If you feel that the HoD is giving the colleague preferential treatment, then you can report this, and this should then be investigated. If no joy, consult the chair of governors.
     
    border_walker and grumpydogwoman like this.
  13. Stiltskin

    Stiltskin Lead commenter

    So is there anything specific they are doing at the moment that is causing you to feel anxious? Or is it previous experiences of the person mean you've anchored your feelings to them, so seeing them is bringing back those prior feelings?

    I agree with your partner you shouldn't be coming home in a state each night. Depending on the above will determine who you should need to speak to first to improve the situation. It isn't a matter of you letting it happen, but at this current moment you're not in a position to completely change it yet (however your post shows that you're doing something, but these things can sometimes take time)..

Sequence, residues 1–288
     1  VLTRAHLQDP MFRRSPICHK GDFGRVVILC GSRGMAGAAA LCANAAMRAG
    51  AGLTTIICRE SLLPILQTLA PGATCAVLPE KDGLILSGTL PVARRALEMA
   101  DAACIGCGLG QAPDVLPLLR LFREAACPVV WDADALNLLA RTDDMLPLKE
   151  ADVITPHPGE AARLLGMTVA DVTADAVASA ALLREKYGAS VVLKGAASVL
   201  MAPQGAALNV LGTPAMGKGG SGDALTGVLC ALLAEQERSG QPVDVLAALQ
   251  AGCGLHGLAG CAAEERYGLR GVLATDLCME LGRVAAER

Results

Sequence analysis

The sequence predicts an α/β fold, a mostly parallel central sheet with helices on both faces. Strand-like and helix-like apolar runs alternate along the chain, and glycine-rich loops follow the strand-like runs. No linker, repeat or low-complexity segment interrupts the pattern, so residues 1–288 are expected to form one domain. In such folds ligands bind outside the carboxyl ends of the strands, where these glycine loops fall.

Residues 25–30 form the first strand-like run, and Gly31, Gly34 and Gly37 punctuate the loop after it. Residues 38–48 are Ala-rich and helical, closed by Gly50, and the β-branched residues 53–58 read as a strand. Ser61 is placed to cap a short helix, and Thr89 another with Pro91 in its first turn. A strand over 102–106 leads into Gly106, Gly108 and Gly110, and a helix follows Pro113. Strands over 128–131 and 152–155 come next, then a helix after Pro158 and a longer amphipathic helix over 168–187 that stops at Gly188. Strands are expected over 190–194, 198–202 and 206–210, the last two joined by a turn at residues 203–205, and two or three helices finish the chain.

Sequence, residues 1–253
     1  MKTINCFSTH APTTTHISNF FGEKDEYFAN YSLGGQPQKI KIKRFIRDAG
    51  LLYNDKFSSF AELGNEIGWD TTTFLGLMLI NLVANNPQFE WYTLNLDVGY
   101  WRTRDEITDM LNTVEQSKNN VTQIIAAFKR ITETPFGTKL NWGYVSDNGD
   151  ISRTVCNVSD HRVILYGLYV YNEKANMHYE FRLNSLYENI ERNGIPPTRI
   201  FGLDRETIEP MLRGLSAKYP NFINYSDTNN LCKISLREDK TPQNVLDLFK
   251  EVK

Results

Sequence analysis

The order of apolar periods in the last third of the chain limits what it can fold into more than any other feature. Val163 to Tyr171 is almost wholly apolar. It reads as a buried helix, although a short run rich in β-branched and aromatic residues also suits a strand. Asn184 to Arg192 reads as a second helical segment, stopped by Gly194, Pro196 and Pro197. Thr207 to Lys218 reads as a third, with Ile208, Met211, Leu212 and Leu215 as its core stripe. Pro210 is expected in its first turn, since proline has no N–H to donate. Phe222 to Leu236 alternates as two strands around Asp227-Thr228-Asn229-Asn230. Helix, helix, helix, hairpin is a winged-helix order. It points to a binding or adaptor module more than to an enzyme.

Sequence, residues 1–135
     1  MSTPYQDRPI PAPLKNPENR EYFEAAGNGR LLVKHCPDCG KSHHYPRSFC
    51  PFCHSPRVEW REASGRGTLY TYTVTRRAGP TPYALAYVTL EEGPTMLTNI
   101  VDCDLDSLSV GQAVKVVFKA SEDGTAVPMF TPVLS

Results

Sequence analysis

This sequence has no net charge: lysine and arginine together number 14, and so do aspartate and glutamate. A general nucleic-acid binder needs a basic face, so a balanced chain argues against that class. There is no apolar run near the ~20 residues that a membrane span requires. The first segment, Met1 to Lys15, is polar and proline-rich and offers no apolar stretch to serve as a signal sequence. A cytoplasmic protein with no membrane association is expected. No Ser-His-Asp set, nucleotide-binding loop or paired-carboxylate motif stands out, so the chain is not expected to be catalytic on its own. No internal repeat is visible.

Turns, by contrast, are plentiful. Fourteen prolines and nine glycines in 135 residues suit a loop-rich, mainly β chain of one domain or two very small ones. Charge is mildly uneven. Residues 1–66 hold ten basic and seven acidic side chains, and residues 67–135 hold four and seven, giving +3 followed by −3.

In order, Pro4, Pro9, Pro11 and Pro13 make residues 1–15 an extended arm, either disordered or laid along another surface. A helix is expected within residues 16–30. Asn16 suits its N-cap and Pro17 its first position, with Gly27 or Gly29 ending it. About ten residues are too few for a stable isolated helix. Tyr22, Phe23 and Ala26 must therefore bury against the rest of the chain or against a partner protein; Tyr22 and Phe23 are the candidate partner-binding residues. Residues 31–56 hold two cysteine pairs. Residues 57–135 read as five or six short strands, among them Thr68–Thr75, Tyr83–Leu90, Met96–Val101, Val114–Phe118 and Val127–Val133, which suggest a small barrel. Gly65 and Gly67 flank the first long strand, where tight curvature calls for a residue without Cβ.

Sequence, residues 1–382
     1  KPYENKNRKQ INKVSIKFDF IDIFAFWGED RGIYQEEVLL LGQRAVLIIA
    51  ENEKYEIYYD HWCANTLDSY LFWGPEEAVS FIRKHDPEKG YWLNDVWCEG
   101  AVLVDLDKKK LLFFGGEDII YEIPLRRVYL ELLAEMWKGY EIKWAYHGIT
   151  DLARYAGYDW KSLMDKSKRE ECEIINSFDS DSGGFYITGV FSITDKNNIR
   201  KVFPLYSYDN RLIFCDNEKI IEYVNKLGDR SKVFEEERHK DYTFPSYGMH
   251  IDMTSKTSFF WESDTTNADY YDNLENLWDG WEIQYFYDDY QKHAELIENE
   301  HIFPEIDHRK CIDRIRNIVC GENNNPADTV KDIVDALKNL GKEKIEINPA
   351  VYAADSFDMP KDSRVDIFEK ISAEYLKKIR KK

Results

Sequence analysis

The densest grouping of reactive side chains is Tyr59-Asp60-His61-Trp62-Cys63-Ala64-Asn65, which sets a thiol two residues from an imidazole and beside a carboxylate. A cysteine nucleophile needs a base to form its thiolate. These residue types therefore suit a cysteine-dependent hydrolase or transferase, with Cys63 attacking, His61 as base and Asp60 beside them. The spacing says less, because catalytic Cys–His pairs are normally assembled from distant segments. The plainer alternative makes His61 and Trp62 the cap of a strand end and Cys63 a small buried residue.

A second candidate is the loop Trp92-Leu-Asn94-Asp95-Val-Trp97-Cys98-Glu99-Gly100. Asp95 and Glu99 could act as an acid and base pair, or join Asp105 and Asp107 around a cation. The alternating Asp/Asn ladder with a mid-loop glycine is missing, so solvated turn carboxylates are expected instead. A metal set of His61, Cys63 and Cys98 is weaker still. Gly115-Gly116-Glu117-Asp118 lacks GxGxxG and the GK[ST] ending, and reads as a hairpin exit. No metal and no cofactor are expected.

14. minnie me

    minnie me Star commenter

    Sorry got to ‘ job of my dreams ‘o_O and stopped reading. Sure other colleagues will be more helpful :)
     
  15. MrsArmitage

    MrsArmitage Occasional commenter

    I am in a very similar situation to you, the only real differences being that my colleague didn’t leave. He is absolutely rotten to, and about me leaving me very isolated. I used to have panic attacks before department meetings because I had to be in a room with him. It was always shrugged off with ‘oh you know what he’s like, he’s a bit odd’ etc. I resorted to counselling and I’m glad I did; I learnt that there was no point turning myself inside out trying to figure it why he hated me and constantly undermined me, but that I could learn to change how I dealt with it. It’s damn hard, but when he’s really out of order, I tell my line manager immediately and she sorts it. I never confront him myself for reasons I don’t want to go into here. I had to learn to diminish him to nothing, a person who didn’t figure at all in my life, and this involved not wasting my time fretting about what he would do next. It might be worth giving counselling another go, like a refresher course.
     
    grumpydogwoman likes this.
  16. peakster

    peakster Star commenter

    I had to endure someone like this for two years - but she left in the Summer

    We all really missed her - for about 5 minutes

    I so pity her new colleagues.